A4.2 Impact of a Chlamydia Trachomatis Diagnosis on Sex Partnership Patterns: Implications for Ongoing Transmission

Tuesday, March 13, 2012: 10:25 AM
Greenway Ballroom F/G
Linda Niccolai, PhD and Melinda Pettigrew, PhD, Epidemiology of Microbial Diseases, Yale School of Public Health, New Haven, CT

Background: Changes in sex partnership patterns after a diagnosis of Chlamydia trachomatis have implications for repeat infections and ongoing transmission at the population level.  This topic has received less attention than the role of partner treatment for ongoing transmission.

Objectives: To compare number of sex partners, proportion of sex partnerships that are new, partnership duration, and prevalence of concurrency prior to and after a C. trachomatis diagnosis among young women in a family planning setting.

Methods: A total of 188 women (mean age 21 years) with C. trachomatis were recruited at the time of their diagnosis and followed for an average of four months.  At baseline and follow-up visits, participants answered questions about sex partnerships in the previous 4 months using a series of partner-specific modules.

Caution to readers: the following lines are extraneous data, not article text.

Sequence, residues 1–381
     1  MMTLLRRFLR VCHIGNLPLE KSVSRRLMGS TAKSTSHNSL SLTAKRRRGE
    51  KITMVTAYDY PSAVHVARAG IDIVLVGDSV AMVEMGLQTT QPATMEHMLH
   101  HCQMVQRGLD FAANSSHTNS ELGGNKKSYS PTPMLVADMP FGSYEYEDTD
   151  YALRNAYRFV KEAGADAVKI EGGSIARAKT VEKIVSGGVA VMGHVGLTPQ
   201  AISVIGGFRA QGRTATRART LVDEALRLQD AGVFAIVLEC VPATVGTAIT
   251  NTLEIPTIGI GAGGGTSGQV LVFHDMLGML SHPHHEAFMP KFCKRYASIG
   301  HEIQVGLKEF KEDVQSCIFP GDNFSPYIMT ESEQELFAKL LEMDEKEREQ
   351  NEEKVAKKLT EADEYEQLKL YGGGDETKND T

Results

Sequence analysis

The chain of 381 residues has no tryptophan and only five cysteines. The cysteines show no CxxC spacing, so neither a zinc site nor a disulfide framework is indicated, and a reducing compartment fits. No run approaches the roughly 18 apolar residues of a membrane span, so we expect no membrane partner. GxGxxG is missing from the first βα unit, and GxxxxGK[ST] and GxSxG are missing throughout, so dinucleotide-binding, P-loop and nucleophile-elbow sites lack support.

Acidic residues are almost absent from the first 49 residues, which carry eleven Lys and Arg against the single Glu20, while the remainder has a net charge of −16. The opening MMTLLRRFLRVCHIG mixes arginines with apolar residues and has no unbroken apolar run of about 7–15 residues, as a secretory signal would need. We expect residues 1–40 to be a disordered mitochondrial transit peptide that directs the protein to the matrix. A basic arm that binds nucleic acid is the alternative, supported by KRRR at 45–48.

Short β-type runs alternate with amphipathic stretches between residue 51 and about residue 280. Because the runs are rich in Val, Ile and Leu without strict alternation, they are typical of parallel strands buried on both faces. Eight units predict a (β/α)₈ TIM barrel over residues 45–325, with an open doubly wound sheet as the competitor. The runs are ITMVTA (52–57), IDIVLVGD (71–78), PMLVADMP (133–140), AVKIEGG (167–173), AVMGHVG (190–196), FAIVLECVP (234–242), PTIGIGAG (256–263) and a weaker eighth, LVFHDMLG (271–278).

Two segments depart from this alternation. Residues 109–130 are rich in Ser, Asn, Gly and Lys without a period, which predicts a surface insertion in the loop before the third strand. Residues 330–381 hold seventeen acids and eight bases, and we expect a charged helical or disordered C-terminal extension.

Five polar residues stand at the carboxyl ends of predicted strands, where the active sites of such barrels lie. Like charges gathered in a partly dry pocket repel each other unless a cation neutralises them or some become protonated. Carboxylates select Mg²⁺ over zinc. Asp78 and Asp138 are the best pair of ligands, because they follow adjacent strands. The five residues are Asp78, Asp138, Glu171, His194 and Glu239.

Results: The mean number of sex partners decreased after the diagnosis from 1.41 to 1.07 (p<.01).  The proportion of new sex partners decreased from 43.5% to 34.2% (p=.04).  The median duration of sex partnerships increased from 4.0 to 6.1 months but this difference was not statistically significant (p=.23).  The proportion of individuals reporting concurrent partnerships did not change between the pre- and post-diagnosis periods (21.4% and 18.2%, p=.43).

Conclusions: Decreases in overall numbers of sex partners and new partners after a diagnosis of C. trachomatis indicate that many women reduce risk factors for repeat infections and ongoing transmission.  The increased partnership duration suggests that many women continue with pre-diagnosis partnerships that, in conjunction with adequate partner treatment, may also reduce further infections through partnership stability.  However, the lack of reduction in partnership concurrency after a diagnosis suggests that some risks for ongoing transmission persist.

Implications for Programs, Policy, and Research: The time of a C. trachomatis diagnosis may be an important window of opportunity to educate patients about STI risk associated with concurrent partnerships.